As you might know or guess, gentle reader, I am a skeptic of online streaming services and buying “digital” copies of movies, books, or music (exception!) because I’ve had enough electronic devices crash that I don’t trust electronic media, because I’ve seen enough tech companies fail to consider that they might not be there to provide me with what I purchased tomorrow, because I don’t trust that online services will keep their promises of availability of things I purchased.
But we have two paid streaming video sources at Nogglestead: Amazon Prime because it remains a shipping discount (for now) and Netflix because my beautiful wife likes to watch television shows on her tablet as she rides her elliptical exercise device.
A couple of times in the last couple of weeks, I wanted to watch a particular film not in the vast Nogglestead library.
After reading a listicle about John Hughes’ Planes, Trains, and Automobiles, I wanted to watch She’s Having A Baby because it’s the most adult of his coming-of-age comedies (and I plan to come of age sometime soon). But it’s not on Netflix nor Amazon Prime.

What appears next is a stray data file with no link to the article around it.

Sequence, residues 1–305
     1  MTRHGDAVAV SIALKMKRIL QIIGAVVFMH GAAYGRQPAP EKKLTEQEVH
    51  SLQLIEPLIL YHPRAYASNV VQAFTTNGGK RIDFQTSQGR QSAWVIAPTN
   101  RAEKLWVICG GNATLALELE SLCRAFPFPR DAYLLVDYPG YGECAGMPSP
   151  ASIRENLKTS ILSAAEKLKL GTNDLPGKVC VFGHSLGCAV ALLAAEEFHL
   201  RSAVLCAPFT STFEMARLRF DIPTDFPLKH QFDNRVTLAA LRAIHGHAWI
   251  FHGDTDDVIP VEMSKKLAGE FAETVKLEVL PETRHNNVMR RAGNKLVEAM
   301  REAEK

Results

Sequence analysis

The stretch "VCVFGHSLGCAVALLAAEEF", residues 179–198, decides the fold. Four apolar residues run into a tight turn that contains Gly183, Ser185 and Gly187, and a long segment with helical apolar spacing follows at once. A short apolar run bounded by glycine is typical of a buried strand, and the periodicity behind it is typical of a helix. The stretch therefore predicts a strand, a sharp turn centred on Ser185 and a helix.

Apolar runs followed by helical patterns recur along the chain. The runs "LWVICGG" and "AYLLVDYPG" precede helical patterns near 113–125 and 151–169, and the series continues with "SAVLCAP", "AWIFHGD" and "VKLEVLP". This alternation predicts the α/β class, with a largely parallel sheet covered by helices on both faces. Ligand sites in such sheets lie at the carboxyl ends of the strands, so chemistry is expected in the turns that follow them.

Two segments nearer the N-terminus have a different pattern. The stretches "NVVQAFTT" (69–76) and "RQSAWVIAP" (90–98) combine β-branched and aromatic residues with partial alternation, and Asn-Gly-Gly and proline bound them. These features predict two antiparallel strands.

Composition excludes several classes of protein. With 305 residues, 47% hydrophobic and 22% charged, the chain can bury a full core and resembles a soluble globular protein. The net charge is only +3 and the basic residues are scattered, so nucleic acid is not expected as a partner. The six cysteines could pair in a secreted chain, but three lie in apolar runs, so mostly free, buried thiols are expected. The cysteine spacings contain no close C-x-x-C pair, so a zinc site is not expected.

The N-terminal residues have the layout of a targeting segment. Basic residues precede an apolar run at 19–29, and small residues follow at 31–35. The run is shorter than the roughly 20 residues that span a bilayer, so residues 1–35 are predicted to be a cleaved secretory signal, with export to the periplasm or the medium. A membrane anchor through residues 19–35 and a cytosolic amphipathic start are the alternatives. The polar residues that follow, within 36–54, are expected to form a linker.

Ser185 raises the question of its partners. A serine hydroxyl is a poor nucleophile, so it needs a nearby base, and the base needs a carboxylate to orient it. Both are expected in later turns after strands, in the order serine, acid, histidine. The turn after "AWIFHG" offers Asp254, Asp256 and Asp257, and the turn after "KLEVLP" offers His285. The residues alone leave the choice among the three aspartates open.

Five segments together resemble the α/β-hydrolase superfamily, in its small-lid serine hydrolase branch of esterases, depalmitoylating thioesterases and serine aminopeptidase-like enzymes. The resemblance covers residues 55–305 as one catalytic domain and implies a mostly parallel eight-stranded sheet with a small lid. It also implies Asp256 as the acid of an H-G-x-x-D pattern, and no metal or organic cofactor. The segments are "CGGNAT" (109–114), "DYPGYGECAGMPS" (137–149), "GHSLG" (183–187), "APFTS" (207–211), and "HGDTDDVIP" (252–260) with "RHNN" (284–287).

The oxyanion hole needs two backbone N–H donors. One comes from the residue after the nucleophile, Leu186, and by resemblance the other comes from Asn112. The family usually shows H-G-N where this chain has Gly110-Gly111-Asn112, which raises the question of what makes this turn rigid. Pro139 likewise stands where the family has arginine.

Then I got to thinking about funny Christmas movies my children might like to watch with me since White Christmas, Holiday Inn, The Bells of St. Mary’s, or The Bishop’s Wife are a little black-and-white for them, and they’re not old enough for Die Hard, Lethal Weapon, or Gremlins. So I checked Netflix and Amazon Prime, and again I was disappointed.
Fortunately, Amazon Prime still includes free shipping.
So now I have the two films I wanted to watch, and I can be assured I’ll have the actual ability to watch them whenever I want.
Netflix and Amazon Prime streaming are good when you want to watch something as they give you a lot to chose from. But I often do not want to sit down and watch something; I want to sit down and watch a particular film. So physical media still have a vital role in that. Much like the old independent video stores offered something other than the newest releases at Blockbuster.